Litigants, plaintiffs or defendants, are entitled to a consideration of the evidence and the reasonable inferences therefrom in the most favorable light in ruling the sufficiency of the evidence to sustain a submitted theory of the action or defense. Highfill v. Brown, Mo., 340 S.W.2d 656, 661 [6, 7]; Thurman v. St. Louis Pub. Serv. Co., Mo., 308 S.W.2d 680, 684 [2, 3]; Robb v. St. Louis Pub. Serv. Co., 352 Mo. 566, 178 S.W.2d 443, 444 [1, 2].

Big Bend and Forsyth intersect at right angles. There is an electric traffic signal at the intersection. Defendant adduced evidence that at first he was southbound in the curb lane, traveling about 20 m. p. h., or about 20 to 25 m. p. h. according to a passenger in his car, and, when a car in front of him signaled for and started a right turn into a side street, estimated to be about a half block north of Forsyth, defendant turned to his left and continued south in the second lane. Plaintiff, in the curb lane, then passed defendant at a speed of 30 to 35 miles an hour, "and cut right in front of me, cut me off," when 20 to 30 feet ahead of defendant. This caused defendant to slacken his speed to about 15 miles an hour. After plaintiff got into the second lane her speed slackened and defendant got back up to his former speed, about 20 miles an hour. There were four or five vehicles ahead, taking both lanes, moving slowly. Defendant knew they would have to stop at the intersection but stated "we still had room." Defendant and his passenger testified that plaintiff, when defendant was about 20 feet behind her, made a sudden stop, "stopped all of a sudden," without giving any signal of her intention to stop by arm or by the operation of the brake light on her automobile. Defendant immediately applied his brakes but was unable to stop his automobile before it collided with the rear of plaintiff's automobile. Defendant and his passenger estimated skid marks of "about six feet" were left by defendant's car.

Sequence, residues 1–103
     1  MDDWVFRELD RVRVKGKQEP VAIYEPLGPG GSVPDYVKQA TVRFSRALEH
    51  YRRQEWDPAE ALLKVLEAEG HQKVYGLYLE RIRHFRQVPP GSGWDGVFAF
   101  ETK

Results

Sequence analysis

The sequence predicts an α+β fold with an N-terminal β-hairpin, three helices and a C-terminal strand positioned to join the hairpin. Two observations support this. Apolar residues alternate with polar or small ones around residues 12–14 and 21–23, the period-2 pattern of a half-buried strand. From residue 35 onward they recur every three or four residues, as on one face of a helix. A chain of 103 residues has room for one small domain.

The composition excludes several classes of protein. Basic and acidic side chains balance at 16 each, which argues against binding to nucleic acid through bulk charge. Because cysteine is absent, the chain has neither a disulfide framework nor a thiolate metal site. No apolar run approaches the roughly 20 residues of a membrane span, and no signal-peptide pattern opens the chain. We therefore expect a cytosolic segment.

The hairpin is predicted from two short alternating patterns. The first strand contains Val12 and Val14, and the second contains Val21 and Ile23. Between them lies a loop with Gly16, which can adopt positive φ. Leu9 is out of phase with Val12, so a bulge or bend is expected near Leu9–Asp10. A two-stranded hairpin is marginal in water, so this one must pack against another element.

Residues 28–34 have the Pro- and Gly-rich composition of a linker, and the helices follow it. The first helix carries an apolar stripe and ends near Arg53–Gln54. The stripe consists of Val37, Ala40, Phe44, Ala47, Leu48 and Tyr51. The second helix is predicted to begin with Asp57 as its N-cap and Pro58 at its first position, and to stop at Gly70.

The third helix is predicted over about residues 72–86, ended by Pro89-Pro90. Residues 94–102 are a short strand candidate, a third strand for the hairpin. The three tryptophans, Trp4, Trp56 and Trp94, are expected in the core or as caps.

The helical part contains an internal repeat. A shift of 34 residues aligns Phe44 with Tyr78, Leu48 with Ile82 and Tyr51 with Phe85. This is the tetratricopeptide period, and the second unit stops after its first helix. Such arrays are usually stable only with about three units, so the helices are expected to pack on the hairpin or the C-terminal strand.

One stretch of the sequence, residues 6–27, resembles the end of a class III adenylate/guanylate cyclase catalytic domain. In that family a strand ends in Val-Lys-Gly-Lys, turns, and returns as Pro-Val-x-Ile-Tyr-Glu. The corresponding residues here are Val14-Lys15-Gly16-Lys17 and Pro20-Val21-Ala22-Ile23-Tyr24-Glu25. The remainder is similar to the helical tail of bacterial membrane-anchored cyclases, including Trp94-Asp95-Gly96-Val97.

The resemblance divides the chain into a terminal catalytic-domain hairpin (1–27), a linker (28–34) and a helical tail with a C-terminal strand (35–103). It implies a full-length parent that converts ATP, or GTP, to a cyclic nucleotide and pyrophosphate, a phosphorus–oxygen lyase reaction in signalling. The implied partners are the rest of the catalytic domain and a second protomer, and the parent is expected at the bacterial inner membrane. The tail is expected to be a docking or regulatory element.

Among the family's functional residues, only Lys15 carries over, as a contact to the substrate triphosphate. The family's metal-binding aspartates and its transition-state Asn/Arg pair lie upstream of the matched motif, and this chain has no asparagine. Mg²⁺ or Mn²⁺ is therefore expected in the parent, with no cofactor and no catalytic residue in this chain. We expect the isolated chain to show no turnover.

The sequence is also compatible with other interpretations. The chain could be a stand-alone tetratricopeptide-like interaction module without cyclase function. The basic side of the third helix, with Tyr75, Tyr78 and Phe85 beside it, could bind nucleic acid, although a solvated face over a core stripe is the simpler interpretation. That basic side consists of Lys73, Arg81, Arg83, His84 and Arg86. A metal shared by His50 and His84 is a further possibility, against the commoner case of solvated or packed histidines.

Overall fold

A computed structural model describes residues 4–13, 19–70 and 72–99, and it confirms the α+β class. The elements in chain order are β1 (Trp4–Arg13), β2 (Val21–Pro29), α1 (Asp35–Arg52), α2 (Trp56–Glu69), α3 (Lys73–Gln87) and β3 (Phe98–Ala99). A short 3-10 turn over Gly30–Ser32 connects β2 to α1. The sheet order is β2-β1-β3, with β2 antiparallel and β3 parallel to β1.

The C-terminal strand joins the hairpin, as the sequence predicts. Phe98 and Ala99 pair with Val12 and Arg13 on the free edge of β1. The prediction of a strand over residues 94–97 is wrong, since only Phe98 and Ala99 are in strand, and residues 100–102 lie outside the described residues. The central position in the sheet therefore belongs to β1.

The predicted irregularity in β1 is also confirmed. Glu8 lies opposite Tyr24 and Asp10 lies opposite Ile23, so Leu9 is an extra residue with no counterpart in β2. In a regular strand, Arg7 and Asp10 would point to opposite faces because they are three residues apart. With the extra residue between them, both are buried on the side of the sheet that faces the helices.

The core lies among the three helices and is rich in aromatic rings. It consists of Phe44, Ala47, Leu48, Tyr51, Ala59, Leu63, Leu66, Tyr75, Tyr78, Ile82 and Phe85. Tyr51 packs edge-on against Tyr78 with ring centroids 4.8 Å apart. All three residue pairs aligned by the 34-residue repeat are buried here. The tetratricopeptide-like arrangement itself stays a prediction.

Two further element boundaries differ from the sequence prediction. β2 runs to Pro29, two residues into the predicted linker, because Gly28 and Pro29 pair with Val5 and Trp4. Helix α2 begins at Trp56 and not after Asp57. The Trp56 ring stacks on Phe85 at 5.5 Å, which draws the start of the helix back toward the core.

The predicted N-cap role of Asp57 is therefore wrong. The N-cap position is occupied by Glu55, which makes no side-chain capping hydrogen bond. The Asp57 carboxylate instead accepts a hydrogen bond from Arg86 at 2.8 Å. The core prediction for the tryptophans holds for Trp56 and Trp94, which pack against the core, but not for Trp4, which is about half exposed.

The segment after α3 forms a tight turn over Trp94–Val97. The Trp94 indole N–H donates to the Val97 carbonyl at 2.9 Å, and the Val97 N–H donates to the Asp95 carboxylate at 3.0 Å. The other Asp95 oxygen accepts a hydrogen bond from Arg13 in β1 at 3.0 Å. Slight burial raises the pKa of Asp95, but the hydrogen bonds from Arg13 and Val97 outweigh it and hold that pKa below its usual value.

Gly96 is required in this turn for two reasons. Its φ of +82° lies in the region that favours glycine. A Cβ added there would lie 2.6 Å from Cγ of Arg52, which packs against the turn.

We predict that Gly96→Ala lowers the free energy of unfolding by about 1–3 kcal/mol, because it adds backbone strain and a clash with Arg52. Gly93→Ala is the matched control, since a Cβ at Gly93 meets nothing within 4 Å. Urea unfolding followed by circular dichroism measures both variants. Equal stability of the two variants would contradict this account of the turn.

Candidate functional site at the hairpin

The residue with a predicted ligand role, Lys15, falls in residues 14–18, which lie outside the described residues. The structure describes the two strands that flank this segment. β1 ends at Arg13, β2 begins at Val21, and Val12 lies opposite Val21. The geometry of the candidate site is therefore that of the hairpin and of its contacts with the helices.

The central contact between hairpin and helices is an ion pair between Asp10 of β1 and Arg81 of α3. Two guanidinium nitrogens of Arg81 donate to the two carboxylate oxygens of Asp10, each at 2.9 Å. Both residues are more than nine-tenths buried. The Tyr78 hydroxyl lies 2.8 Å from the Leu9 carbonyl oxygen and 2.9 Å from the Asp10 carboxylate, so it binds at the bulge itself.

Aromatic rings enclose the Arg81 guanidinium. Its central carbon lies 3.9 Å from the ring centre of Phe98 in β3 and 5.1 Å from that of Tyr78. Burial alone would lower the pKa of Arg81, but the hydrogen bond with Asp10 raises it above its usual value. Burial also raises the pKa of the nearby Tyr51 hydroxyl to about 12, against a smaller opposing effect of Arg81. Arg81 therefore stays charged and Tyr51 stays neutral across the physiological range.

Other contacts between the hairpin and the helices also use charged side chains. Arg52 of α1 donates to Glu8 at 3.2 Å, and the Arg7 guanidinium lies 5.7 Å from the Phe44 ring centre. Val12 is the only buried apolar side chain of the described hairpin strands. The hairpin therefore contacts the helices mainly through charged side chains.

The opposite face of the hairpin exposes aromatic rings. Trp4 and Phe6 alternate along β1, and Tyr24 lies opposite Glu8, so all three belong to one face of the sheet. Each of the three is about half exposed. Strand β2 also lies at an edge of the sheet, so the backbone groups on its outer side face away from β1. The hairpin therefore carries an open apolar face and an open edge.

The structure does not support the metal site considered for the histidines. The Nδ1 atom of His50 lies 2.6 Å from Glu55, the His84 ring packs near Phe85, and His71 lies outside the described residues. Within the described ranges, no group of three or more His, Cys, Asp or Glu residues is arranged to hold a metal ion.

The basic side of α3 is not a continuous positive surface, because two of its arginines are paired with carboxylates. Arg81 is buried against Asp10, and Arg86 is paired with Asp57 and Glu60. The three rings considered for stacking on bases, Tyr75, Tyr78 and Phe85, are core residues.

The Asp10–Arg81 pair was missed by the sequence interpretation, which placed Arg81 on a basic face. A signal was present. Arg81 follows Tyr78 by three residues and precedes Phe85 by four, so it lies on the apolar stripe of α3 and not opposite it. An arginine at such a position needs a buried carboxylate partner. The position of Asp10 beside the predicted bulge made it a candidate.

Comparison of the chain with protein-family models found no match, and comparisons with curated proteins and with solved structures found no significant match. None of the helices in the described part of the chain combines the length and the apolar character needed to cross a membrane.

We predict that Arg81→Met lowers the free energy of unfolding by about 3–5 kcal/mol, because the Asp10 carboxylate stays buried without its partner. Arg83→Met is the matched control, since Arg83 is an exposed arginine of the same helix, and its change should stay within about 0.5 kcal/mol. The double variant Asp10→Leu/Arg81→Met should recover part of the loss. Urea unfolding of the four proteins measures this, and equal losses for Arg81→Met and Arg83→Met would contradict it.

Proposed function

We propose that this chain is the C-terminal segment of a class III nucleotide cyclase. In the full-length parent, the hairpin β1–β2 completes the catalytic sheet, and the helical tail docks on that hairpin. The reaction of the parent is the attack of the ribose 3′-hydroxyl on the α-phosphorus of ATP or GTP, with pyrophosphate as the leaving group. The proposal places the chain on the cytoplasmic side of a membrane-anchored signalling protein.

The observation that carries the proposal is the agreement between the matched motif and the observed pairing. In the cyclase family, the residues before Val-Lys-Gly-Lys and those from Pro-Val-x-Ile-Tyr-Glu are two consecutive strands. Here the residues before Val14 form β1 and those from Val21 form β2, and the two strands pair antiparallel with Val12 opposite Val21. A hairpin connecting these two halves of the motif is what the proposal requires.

A party is not conclusively bound by his estimates of speed, distance or time. Davis v. Kansas City Pub. Serv. Co., 361 Mo. 168, 233 S.W.2d 669, 674 [1]; Highfill v. Brown, Mo., 340 S.W.2d 656, 662 [8-10].